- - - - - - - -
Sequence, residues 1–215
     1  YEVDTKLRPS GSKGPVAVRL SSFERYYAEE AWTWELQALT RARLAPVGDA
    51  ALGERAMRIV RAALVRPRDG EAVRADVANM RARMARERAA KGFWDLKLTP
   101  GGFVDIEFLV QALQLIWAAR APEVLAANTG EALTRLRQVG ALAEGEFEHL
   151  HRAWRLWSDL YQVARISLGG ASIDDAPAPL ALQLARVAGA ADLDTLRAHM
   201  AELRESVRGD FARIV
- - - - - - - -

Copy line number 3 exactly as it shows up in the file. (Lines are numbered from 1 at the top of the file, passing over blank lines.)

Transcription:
    51  ALGERAMRIV RAALVRPRDG EAVRADVANM RARMARERAA KGFWDLKLTP